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Who we work with

Supporting health innovation across NHS, academia and industry

Independent inventors

Under UK employment law, if you invent something that is substantially motivated or inspired by your job duties then your employer owns that piece of intellectual property. However if you do not have an employment contract the invention belongs to you.* The challenge is often finding the time, money or expertise to drive the idea forward. SHIL can assist through the following options:

This approach allows SHIL to develop and commercialise the invention in the same way as NHS originated ideas. If the IP associated to the idea has been developed to a more advanced stage, rather than assign IP rights to an NHS Health Board, the independent inventor can retain the IP already created (background IP) and with SHIL’s assistance enter into a legal collaboration with a Board whereby any new (“foreground IP”) created under the collaboration is jointly owned. In return for assigning these rights, an agreed share of revenue from any successful commercialisation is received by the independent inventor. It is also valuable to know the invention is being developed by experts in the field.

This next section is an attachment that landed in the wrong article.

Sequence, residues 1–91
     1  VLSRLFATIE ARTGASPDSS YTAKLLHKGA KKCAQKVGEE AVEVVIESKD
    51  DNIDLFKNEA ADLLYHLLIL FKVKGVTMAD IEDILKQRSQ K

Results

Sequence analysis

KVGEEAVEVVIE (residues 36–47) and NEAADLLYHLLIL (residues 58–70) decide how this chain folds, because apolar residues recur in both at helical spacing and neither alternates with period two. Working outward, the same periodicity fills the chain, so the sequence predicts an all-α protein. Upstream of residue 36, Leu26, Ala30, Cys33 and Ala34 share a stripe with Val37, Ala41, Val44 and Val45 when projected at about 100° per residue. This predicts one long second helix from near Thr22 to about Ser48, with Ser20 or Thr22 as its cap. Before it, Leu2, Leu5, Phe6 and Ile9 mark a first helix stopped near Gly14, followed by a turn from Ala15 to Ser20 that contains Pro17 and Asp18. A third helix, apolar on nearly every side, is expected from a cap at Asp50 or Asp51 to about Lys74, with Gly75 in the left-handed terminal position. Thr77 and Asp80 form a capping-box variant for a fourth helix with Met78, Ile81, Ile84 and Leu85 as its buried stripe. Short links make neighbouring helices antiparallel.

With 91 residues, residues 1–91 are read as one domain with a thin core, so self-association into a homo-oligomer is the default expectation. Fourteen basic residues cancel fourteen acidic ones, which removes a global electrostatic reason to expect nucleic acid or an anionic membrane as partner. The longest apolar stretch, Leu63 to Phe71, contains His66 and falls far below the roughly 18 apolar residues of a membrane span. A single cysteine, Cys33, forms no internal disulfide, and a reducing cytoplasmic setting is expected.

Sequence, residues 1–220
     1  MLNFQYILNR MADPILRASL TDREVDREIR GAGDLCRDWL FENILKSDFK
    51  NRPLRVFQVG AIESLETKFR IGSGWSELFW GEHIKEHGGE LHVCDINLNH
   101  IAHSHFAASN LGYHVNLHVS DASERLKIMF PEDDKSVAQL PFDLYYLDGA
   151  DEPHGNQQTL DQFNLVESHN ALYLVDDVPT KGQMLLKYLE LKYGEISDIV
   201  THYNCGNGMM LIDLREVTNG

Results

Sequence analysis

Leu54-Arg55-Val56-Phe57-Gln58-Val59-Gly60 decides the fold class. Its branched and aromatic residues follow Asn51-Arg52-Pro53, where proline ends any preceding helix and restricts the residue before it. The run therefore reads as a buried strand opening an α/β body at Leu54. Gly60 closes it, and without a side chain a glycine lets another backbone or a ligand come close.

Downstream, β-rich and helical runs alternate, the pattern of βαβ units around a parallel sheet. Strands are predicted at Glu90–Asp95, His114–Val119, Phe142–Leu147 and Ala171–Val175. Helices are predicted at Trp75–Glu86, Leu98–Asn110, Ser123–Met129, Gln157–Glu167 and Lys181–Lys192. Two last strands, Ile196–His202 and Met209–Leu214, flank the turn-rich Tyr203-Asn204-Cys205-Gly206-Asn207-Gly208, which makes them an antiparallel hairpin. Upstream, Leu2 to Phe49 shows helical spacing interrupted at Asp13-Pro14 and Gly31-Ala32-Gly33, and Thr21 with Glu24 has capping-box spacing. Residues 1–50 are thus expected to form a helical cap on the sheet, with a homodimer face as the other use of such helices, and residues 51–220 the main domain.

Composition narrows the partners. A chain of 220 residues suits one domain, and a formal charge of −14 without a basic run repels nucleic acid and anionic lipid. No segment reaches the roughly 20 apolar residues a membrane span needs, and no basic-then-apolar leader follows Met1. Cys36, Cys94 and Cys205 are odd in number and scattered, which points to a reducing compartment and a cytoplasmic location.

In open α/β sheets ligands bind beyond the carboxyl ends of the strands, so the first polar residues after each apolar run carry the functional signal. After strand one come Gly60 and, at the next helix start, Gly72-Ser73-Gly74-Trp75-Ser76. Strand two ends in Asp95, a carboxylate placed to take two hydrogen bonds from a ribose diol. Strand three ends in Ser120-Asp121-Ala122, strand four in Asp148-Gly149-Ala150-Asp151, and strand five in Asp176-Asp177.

SHIL works with Health Boards across Scotland and can assist independent inventors in developing suitable collaborations. Under this model, all rights to background IP would be retained by the independent inventor. Any new (foreground) IP developed as part of an NHS collaboration would be jointly owned by the parties, with a revenue share from any successful collaboration determined under a legally binding agreement.

In each case, SHIL will firstly undertake an evaluation of the idea - this is a robust process designed to identify innovations that will best improve patient care and that have strong commercialisation prospects. If successful, discussion on the potential for assigning rights or developing a collaboration with an NHS Health Board will progress. The Health Board to which the idea is assigned will be, in SHIL’s opinion, the one best suited to hold the rights due to relevant experience and clinical expertise, and may not necessarily be the closest geographically. Continued involvement and engagement between all parties is essential throughout this process.

* Although undergraduate students generally own their IP, postgraduates may be subject to different arrangements, particularly if they are undertaking funded research, so this is always something SHIL checks carefully.

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